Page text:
2.1 Introduction

2.1.1 Phases

The development and implementation of an AQP is a five-phase process. This process provides a structured building-block approach to program development. It results in a program with fully documented curricula, supporting rationale and development methodology. The use of this standardized AQP development process, along with its documentation requirements, allows an AQP applicant to develop a training and evaluation program based on analyzed and justifiable requirements. The documentation from this five-phase process will then serve as the regulatory basis for promulgating the AQP-developed training and evaluation programs.

Each phase is authorized sequentially and consists of specific activities and includes the documentation of those activities. These documents must be submitted to Transport Canada for approval. An applicant cannot exercise any training and evaluation provisions permitted in Phases III, IV, or V until it has met all requirements of the preceding phases to the satisfaction of Transport Canada.  See figure 2-1 for the AQP Development Process.

Fig 2-1: AQP Development Process

Fig 2-1: AQP Development Process 

2.1.2 Instructional System Development (ISD)

The use of a systematic curriculum development methodology known as ISD has been incorporated into the AQP process.  Applicants may employ any of a wide range of current ISD models. Alternatively, they may customize their own approach to curriculum development. This chapter provides one acceptable methodology, but applicants are encouraged to be creative in tailoring their own ISD approach to their requirements, subject to Transport Canada approval. Innovation and practical application may result in an equally acceptable AQP.

Because some ISD models are far more complex than others, Transport Canada has found it useful to define its minimal ISD requirements.  These are listed below:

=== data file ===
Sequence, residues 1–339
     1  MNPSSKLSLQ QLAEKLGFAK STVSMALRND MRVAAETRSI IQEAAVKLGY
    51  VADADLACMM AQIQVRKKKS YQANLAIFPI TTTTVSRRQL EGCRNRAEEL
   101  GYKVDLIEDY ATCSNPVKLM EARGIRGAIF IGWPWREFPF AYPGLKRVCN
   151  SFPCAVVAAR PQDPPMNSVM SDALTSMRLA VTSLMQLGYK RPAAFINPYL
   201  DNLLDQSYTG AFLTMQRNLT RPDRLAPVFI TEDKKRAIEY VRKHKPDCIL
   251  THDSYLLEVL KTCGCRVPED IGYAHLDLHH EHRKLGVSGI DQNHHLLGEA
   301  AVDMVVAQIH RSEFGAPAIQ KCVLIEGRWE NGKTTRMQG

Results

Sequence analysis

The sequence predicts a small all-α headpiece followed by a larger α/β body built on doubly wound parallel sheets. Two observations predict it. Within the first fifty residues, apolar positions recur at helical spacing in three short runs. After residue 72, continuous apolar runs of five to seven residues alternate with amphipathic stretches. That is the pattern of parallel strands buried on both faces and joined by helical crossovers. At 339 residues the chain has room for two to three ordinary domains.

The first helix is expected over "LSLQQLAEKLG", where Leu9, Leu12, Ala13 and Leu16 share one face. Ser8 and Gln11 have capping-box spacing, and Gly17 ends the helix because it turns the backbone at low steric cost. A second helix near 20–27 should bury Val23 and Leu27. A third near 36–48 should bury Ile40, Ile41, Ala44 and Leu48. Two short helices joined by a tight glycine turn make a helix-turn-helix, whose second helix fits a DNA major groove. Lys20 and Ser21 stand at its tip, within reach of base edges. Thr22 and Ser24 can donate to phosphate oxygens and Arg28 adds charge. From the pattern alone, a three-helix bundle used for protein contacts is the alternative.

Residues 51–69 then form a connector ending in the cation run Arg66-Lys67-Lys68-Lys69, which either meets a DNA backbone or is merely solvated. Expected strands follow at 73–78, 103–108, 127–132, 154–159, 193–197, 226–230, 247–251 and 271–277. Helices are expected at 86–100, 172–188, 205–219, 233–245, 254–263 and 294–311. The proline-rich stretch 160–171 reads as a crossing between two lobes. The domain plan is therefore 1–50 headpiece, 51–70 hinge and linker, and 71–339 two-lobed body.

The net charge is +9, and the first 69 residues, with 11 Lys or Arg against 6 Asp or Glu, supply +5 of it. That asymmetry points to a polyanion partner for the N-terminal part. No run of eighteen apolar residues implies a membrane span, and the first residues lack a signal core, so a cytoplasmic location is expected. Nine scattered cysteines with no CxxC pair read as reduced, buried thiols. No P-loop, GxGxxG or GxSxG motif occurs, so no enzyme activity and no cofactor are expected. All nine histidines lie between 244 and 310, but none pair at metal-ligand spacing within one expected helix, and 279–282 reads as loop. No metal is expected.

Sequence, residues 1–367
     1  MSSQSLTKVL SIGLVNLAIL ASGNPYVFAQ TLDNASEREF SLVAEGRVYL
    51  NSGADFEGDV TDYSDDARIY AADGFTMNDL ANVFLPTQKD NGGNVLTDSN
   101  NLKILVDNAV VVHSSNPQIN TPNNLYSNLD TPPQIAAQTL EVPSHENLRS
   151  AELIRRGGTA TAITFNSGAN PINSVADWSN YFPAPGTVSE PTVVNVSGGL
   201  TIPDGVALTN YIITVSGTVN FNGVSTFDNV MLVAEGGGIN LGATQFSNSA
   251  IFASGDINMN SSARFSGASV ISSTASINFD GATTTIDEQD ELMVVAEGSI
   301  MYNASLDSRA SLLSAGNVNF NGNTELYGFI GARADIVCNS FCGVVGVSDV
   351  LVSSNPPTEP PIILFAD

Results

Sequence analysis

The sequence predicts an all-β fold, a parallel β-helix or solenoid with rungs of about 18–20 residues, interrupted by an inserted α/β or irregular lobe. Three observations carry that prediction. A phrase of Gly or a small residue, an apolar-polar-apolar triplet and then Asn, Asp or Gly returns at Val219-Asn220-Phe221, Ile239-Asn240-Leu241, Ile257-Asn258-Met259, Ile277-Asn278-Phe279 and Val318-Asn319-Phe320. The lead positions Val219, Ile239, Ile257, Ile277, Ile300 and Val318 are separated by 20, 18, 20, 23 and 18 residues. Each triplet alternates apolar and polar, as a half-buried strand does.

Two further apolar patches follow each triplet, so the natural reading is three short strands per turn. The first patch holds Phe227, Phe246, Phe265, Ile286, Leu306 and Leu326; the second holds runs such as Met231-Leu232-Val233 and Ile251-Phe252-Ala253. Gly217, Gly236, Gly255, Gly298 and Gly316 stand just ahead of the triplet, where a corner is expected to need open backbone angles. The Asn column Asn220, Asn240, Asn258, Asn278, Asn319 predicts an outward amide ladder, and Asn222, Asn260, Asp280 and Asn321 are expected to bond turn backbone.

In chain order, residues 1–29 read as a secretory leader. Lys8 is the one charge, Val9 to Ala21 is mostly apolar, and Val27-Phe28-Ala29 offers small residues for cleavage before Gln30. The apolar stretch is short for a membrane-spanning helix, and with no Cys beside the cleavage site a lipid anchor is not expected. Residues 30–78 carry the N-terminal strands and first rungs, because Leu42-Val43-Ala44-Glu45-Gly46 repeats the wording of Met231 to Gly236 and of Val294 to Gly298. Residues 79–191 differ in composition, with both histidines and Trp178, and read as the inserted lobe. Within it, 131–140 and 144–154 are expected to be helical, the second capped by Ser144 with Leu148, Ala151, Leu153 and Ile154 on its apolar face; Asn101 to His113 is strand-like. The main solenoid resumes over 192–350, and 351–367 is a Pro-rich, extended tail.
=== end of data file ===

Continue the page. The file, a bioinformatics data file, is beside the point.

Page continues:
1. Develop a job task listing.
     
  2. Analyze the job task listing to determine essential skill and knowledge requirements (either directly or by reference). 
     
  3. Determine which skill and knowledge requirements must be trained/tested. 
     
  4. Develop Proficiency Objectives that capture all training requirements. 
     
  5. Develop Qualification Standards that define acceptable operational performance levels. 
     
  6. Develop tests that measure proficiency in skill and knowledge areas. 
     
  7. Provide instructional programs that teach and test training requirements. 
     
  8. Establish and maintain an audit trail of explicit links between task requirements, training requirements, training and evaluation activities, and evaluation results. 
     
  9. Measure student performance against proficiency objectives and Qualification Standards for all curricula. 
     
  10. Revise the training program based on student performance levels on an ongoing basis. This de-identified data (stored in the PPDB) will be collected and reported to Transport Canada on a regular basis.

2.1.3 Training Systems

While all applicants must meet the minimum requirements of the ISD approach, the amount of effort each applicant should put into each step of their training analysis and development depends on a number of factors. Applicants may use the ISD process to build complete training systems from the ground up, to build a proficiency-based quality control shell around an existing training system, or to make minor modifications to existing proficiency-based curricula.  Building a training system from the ground up for a new aircraft will require far more depth of analysis and development than merely modifying a current curriculum for an existing aircraft.

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